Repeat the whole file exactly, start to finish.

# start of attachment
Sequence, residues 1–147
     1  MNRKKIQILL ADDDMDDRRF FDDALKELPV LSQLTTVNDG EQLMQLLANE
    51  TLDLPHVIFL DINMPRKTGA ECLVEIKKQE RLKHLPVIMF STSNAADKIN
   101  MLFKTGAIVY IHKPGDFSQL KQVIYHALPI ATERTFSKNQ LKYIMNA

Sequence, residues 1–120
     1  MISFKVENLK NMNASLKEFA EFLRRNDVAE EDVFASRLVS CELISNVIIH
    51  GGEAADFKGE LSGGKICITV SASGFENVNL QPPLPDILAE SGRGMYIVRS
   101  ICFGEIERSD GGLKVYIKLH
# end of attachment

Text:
Sequence, residues 1–147
     1  MNRKKIQILL ADDDMDDRRF FDDALKELPV LSQLTTVNDG EQLMQLLANE
    51  TLDLPHVIFL DINMPRKTGA ECLVEIKKQE RLKHLPVIMF STSNAADKIN
   101  MLFKTGAIVY IHKPGDFSQL KQVIYHALPI ATERTFSKNQ LKYIMNA

Sequence, residues 1–120
     1  MISFKVENLK NMNASLKEFA EFLRRNDVAE EDVFASRLVS CELISNVIIH
    51  GGEAADFKGE LSGGKICITV SASGFENVNL QPPLPDILAE SGRGMYIVRS
   101  ICFGEIERSD GGLKVYIKLH